unused prctl() arguments were not specified as zero.

       EINVAL arg2 is not valid value for this option.

       EINVAL option is PR_SET_SECCOMP or PR_GET_SECCOMP, and the kernel was
              not configured with CONFIG_SECCOMP.

       EINVAL option is PR_SET_MM, and one of the following is true

              *  arg4 or arg5 is nonzero;

              *  arg3 is greater than TASK_SIZE (the limit on the size of
                 the user address space for this architecture);

              *  arg2 is PR_SET_MM_START_CODE, PR_SET_MM_END_CODE,
                 PR_SET_MM_START_DATA, PR_SET_MM_END_DATA, or
                 PR_SET_MM_START_STACK, and the permissions of the
                 corresponding memory area are not as required;

              *  arg2 is PR_SET_MM_START_BRK or PR_SET_MM_BRK, and arg3 is
                 less than or equal to the end of the data segment or
                 specifies a value that would cause the RLIMIT_DATA resource
                 limit to be exceeded.

       EINVAL option is PR_SET_PTRACER and arg2 is not 0,
              PR_SET_PTRACER_ANY, or the PID of an existing process.

       EINVAL option is PR_SET_PDEATHSIG and arg2 is not a valid signal
              number.

       EINVAL option is PR_SET_DUMPABLE and arg2 is neither
              SUID_DUMP_DISABLE nor SUID_DUMP_USER.

       EINVAL option is PR_SET_TIMING and arg2 is not PR_TIMING_STATISTICAL.

       EINVAL option is PR_SET_NO_NEW_PRIVS and arg2 is not equal to 1 or
              arg3, arg4, or arg5 is nonzero.

       EINVAL option is PR_GET_NO_NEW_PRIVS and arg2, arg3, arg4, or arg5 is
              nonzero.

       EINVAL option is PR_SET_THP_DISABLE and arg3, arg4, or arg5 is
              nonzero.

       EINVAL option is PR_GET_THP_DISABLE and arg2, arg3, arg4, or arg5 is
              nonzero.

       EPERM  option is PR_SET_SECUREBITS, and the caller does not have the
              CAP_SETPCAP capability, or tried to unset a "locked" flag, or
              tried to set a flag whose corresponding locked flag was set
              (see capabilities(7)).

       EPERM  option is PR_SET_KEEPCAPS, and the callers's
              SECURE_KEEP_CAPS_LOCKED flag is set (see capabilities(7)).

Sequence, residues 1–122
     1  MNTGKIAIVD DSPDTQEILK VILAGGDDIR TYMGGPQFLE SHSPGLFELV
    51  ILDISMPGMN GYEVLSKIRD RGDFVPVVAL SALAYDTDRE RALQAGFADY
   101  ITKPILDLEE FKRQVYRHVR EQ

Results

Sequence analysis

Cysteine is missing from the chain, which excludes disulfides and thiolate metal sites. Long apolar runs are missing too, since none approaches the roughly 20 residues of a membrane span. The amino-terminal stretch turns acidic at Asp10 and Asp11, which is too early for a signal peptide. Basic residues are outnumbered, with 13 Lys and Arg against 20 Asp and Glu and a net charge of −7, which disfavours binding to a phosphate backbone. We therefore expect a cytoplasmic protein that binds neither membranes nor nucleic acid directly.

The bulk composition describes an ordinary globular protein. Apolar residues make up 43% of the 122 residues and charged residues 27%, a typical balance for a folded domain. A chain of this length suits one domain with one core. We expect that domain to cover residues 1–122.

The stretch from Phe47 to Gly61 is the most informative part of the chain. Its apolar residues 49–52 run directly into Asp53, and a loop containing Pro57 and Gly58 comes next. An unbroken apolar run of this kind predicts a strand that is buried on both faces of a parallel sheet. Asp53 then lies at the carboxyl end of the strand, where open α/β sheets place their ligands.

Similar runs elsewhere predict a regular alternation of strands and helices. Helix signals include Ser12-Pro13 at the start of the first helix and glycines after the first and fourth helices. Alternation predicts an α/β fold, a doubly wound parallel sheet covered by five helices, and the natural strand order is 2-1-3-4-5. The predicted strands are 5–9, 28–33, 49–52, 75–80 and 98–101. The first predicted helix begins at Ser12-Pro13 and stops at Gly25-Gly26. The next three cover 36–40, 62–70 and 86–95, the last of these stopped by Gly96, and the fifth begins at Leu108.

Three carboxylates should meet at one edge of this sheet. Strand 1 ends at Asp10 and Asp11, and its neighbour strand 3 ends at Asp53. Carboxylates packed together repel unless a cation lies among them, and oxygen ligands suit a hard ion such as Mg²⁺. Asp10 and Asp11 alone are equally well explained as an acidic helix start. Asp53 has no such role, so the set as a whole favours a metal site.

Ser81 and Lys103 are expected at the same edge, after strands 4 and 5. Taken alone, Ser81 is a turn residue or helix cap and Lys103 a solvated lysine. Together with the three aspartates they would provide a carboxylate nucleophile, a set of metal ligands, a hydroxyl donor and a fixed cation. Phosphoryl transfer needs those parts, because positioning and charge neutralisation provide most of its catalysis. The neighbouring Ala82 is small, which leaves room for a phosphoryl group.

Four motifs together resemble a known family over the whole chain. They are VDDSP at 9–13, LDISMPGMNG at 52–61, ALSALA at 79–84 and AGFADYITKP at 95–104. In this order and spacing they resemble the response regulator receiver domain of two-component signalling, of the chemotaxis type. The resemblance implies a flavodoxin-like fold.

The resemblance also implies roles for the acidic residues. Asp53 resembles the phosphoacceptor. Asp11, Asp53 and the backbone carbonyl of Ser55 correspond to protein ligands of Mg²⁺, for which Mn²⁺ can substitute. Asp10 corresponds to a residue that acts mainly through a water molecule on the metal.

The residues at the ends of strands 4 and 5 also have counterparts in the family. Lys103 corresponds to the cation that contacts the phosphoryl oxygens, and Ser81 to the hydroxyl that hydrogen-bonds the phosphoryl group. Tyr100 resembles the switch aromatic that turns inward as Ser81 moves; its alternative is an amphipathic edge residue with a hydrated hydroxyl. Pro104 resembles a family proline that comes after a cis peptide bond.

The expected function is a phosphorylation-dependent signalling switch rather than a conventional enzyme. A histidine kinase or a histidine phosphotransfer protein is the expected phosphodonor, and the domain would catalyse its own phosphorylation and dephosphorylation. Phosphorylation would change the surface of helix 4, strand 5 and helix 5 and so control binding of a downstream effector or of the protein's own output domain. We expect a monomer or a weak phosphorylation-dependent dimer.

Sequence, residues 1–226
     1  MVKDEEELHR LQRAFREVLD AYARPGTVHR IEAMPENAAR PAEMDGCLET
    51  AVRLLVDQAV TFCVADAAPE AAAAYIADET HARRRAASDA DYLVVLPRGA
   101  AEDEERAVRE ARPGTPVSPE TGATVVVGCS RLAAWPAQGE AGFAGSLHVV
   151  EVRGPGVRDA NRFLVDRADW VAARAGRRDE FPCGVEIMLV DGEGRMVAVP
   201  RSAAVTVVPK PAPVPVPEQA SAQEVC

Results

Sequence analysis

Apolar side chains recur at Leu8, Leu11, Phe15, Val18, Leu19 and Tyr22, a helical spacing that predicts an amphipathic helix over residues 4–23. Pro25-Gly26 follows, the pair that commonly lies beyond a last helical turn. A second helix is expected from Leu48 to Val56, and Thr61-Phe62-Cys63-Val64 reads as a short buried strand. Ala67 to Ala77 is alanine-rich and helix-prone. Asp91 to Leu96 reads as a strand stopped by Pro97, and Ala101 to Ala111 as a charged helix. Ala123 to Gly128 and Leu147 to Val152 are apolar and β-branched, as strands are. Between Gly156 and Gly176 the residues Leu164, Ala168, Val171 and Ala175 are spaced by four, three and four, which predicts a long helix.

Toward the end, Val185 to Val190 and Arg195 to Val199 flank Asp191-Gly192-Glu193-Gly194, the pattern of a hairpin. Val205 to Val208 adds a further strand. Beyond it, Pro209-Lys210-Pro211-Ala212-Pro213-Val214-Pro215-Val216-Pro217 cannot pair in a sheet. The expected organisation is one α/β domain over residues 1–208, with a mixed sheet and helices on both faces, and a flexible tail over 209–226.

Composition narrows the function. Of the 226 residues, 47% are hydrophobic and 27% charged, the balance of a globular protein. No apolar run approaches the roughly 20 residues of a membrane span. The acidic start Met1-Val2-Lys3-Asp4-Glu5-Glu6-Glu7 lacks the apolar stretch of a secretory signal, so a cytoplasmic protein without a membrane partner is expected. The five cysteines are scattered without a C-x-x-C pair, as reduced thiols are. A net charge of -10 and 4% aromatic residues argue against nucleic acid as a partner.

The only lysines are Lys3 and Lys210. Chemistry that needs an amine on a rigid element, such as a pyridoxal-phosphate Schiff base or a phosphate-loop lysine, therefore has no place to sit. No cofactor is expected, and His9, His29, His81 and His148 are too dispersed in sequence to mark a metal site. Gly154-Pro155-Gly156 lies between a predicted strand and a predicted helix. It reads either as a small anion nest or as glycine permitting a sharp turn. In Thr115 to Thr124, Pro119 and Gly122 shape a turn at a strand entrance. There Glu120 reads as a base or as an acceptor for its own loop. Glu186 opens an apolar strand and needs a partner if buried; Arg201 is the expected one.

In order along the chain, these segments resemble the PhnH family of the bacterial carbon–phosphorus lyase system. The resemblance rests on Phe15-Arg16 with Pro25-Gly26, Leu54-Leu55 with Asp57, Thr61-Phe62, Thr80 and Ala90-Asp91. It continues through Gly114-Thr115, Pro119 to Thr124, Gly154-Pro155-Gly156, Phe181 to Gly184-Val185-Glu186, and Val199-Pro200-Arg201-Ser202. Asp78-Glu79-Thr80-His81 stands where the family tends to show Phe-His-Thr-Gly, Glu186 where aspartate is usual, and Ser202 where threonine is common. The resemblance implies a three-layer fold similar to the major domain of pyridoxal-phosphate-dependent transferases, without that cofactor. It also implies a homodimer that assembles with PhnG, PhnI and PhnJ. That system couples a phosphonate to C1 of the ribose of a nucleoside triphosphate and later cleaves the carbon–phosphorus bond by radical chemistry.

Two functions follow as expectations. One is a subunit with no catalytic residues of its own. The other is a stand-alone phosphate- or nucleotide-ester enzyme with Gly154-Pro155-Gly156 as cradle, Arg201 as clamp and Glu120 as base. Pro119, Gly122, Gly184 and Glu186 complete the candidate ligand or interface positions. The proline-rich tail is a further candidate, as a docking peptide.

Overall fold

EPERM  option is PR_CAPBSET_DROP, and the caller does not have the
              CAP_SETPCAP capability.

       EPERM  option is PR_SET_MM, and the caller does not have the
              CAP_SYS_RESOURCE capability.

       EACCES option is PR_SET_MM, and arg3 is PR_SET_MM_EXE_FILE, the file
              is not executable.

       EBUSY  option is PR_SET_MM, arg3 is PR_SET_MM_EXE_FILE, and this the
              second attempt to change the /proc/pid/exe symbolic link,
              which is prohibited.

       EBADF  option is PR_SET_MM, arg3 is PR_SET_MM_EXE_FILE, and the file
              descriptor passed in arg4 is not valid.

VERSIONS         top

       The prctl() system call was introduced in Linux 2.1.57.

CONFORMING TO         top

       This call is Linux-specific.  IRIX has a prctl() system call (also
       introduced in Linux 2.1.44 as irix_prctl on the MIPS architecture),
       with prototype

       ptrdiff_t prctl(int option, int arg2, int arg3);

       and options to get the maximum number of processes per user, get the
       maximum number of processors the calling process can use, find out
       whether a specified process is currently blocked, get or set the
       maximum stack size, and so on.

SEE ALSO         top

       signal(2), core(5)

COLOPHON         top

       This page is part of release 3.70 of the Linux man-pages project.  A
       description of the project, information about reporting bugs, and the
       latest version of this page, can be found at
       http://www.kernel.org/doc/man-pages/.

Linux                            2014-04-14                         PRCTL(2)